To be fair, there are many animals in the animal kingdom who commit to another for a lifetime but they are not bound to it. Nor are they unable to walk away if they decide they can no longer tolerate their mate.

The part where it becomes unnatural is when we legally bind someone to another person. We have essentially created and continue to maintain a tradition of habitually imprisoning people in their choices that were based on who they were and what they felt in one moment of time.

And many times people are so caught up in the fantasy of marriage and the decor of the wedding day that they forget what they’re really signing up for. . .

People change. They grow. And sometimes they just decide it’s better to be alone than to be with someone who turned out to not be who they thought they were.

Sure, you may vow to love, honor, and cherish someone the REST OF YOUR LIFE (we’re talking a loooong time) but let’s be real here. . .

Most people CHANGE and GROW over time. Most people EVOLVE as a person and many times their wants and needs will change with them.

Now, a lot of you may be thinking, “Well, yeah. It’s called marriage. It’s a lifetime commitment. People change. So what. It’s till death do we part and all that jazz.”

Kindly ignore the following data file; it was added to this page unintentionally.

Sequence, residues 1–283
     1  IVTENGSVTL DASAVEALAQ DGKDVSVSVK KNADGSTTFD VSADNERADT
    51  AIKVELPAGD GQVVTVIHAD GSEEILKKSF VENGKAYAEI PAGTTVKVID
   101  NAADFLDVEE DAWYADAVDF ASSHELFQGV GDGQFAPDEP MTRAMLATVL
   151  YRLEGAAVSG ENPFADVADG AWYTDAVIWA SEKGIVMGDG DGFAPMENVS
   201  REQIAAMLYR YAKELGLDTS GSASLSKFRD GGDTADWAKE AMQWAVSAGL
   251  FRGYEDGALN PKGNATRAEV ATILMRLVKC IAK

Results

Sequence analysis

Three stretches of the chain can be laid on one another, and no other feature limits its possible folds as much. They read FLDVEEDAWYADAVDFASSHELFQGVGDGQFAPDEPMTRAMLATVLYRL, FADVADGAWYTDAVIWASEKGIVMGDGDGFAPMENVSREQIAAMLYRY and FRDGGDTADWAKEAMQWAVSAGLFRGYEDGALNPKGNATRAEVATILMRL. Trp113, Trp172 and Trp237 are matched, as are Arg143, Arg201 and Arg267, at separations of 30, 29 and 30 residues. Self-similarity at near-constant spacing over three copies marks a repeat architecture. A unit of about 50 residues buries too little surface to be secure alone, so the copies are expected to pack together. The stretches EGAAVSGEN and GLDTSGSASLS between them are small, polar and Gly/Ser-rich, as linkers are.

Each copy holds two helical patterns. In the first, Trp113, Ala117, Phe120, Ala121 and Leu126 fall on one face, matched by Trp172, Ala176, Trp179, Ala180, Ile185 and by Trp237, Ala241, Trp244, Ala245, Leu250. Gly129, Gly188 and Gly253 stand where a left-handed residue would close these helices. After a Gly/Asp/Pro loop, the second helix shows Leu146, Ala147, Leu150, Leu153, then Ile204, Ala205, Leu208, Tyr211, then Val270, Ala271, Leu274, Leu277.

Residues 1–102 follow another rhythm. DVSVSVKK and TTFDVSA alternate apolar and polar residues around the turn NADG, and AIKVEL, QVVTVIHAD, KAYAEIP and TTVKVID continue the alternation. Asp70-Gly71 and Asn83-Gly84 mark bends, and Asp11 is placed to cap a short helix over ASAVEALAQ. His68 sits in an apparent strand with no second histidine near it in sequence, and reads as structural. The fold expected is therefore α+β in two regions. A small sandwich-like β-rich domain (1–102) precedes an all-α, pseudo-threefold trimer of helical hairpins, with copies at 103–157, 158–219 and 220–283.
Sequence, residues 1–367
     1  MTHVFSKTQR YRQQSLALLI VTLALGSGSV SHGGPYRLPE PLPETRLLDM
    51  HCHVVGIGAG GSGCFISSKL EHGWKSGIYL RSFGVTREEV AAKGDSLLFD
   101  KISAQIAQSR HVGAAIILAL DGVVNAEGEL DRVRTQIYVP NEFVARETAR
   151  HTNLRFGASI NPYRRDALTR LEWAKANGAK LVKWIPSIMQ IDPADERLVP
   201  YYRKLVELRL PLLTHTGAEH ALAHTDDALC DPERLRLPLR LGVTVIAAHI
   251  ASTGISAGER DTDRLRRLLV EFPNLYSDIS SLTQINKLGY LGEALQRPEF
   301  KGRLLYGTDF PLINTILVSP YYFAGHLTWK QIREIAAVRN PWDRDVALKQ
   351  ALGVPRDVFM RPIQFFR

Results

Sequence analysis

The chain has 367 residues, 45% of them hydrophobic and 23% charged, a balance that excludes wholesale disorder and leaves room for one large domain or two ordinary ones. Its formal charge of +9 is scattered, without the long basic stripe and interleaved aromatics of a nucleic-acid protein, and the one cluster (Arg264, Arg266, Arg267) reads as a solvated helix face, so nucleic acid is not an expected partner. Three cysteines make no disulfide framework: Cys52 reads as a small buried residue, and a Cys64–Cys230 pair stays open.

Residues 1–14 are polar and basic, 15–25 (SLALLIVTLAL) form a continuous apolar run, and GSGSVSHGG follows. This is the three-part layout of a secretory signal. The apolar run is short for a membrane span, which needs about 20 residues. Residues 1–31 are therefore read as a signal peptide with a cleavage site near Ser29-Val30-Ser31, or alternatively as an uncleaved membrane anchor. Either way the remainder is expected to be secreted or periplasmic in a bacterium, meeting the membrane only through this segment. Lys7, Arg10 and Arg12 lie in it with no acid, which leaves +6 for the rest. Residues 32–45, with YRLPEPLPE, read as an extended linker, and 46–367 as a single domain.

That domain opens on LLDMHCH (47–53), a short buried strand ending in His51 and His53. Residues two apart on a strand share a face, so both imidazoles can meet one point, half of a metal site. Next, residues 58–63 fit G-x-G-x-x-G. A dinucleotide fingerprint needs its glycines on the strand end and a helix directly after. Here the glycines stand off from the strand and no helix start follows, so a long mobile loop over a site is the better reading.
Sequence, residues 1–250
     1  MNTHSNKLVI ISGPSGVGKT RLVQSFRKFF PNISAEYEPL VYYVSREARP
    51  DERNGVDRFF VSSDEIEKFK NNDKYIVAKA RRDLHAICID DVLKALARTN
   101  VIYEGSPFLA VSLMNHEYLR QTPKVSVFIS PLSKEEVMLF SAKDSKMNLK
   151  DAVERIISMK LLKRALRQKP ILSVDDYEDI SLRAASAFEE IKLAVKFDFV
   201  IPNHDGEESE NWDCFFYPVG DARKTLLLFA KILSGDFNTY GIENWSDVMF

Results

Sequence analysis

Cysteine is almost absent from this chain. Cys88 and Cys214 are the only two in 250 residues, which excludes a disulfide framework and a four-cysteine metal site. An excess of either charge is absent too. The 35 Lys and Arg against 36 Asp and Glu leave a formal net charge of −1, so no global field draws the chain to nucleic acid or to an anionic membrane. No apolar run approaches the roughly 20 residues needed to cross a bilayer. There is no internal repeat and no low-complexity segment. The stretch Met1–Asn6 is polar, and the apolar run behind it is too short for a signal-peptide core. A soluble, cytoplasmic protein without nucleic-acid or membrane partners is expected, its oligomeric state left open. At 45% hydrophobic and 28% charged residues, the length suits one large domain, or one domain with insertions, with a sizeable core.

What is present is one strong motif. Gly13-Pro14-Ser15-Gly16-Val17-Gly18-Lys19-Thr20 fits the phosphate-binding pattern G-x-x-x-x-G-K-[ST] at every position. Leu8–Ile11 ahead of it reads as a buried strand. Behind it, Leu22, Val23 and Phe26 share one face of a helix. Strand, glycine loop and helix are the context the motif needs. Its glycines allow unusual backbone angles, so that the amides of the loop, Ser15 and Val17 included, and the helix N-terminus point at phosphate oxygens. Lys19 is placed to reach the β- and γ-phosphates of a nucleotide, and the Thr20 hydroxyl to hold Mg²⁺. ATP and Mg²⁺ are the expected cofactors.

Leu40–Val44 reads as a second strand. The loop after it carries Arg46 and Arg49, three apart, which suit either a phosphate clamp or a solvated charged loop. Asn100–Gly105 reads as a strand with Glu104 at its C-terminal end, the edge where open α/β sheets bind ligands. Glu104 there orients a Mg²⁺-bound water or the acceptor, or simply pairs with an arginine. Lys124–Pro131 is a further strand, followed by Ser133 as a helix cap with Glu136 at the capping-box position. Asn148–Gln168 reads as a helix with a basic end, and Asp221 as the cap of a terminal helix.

And you’re right. But is it really fair to the people involved in this commitment to legally bind them? You might say, “Well, yeah. They chose to get married. Nobody forced them to.” But I would like to take it one step further and say, “They chose it at that moment. In that decade of their life. And people are human beings who are fluid in their thoughts, feelings, and needs.”

What I’m saying is:

It is unnatural to legally force two people to stay financially and legally bound to each other and not allow them the freedom to separate without legal obstacles if things aren’t working out, especially if they have no kids or property together.

It Should Be Harder to Get Married and Easier to Get Out.

Why is it that it’s cheaper to get into marriage than out?

Technically speaking, all you have to do to get married is pay a small fee at the courthouse and get married by an official (at least in Texas).

But in order to get out of a marriage, you have to pay an exorbitant amount of money in comparison to getting married. You’re only required to get a marriage certificate (in most states). Fancy marriage ceremony is optional.

Not to mention, the time you have to wait until you can even start proceeding with the divorce (you have to wait a minimum of 60 days from the date you file for divorce in Texas compared to 30 days or less for marriage) and then to add insult to injury, you have to go through emotional turmoil which drags the divorce out over months, if not years. And costs not only a ton of money but also a ton of time and stress.